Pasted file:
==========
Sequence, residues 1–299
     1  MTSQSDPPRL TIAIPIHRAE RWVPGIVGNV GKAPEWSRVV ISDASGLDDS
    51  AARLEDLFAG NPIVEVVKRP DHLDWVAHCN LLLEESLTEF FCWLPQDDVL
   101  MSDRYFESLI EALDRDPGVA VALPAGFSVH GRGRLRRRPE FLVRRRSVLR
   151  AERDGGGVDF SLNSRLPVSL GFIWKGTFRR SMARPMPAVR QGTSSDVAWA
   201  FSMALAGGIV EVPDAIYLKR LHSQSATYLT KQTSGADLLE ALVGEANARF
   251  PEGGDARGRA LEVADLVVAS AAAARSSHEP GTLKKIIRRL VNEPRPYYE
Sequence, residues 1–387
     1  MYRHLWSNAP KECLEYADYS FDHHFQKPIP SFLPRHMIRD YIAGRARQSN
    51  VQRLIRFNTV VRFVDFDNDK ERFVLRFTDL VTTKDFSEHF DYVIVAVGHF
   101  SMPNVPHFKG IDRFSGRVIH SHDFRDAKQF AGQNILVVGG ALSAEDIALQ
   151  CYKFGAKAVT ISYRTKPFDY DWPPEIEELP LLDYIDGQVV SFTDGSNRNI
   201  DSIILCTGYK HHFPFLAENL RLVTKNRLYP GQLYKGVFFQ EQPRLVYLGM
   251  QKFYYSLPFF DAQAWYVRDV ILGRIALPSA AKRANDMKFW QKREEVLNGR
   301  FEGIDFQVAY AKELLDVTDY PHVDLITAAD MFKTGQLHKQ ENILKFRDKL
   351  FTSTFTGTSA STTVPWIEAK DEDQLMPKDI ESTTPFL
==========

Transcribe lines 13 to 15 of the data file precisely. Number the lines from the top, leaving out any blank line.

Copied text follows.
   201  DSIILCTGYK HHFPFLAENL RLVTKNRLYP GQLYKGVFFQ EQPRLVYLGM
   251  QKFYYSLPFF DAQAWYVRDV ILGRIALPSA AKRANDMKFW QKREEVLNGR
   301  FEGIDFQVAY AKELLDVTDY PHVDLITAAD MFKTGQLHKQ ENILKFRDKL